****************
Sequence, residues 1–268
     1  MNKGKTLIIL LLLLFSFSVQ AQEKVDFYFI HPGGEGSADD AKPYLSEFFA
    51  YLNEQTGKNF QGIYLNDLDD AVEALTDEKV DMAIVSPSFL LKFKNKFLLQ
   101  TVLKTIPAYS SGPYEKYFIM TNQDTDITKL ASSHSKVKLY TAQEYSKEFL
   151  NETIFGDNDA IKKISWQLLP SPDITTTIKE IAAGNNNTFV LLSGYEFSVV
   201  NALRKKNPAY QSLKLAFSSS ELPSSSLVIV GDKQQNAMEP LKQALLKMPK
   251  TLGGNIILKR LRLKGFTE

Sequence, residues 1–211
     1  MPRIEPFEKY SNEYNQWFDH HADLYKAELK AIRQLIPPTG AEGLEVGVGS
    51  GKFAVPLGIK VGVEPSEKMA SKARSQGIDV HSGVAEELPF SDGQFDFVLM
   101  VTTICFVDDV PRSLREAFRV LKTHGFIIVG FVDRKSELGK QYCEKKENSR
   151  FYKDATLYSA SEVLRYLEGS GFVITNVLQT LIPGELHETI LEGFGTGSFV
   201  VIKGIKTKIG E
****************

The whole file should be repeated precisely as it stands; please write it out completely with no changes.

Sequence, residues 1–268
     1  MNKGKTLIIL LLLLFSFSVQ AQEKVDFYFI HPGGEGSADD AKPYLSEFFA
    51  YLNEQTGKNF QGIYLNDLDD AVEALTDEKV DMAIVSPSFL LKFKNKFLLQ
   101  TVLKTIPAYS SGPYEKYFIM TNQDTDITKL ASSHSKVKLY TAQEYSKEFL
   151  NETIFGDNDA IKKISWQLLP SPDITTTIKE IAAGNNNTFV LLSGYEFSVV
   201  NALRKKNPAY QSLKLAFSSS ELPSSSLVIV GDKQQNAMEP LKQALLKMPK
   251  TLGGNIILKR LRLKGFTE

Sequence, residues 1–211
     1  MPRIEPFEKY SNEYNQWFDH HADLYKAELK AIRQLIPPTG AEGLEVGVGS
    51  GKFAVPLGIK VGVEPSEKMA SKARSQGIDV HSGVAEELPF SDGQFDFVLM
   101  VTTICFVDDV PRSLREAFRV LKTHGFIIVG FVDRKSELGK QYCEKKENSR
   151  FYKDATLYSA SEVLRYLEGS GFVITNVLQT LIPGELHETI LEGFGTGSFV
   201  VIKGIKTKIG E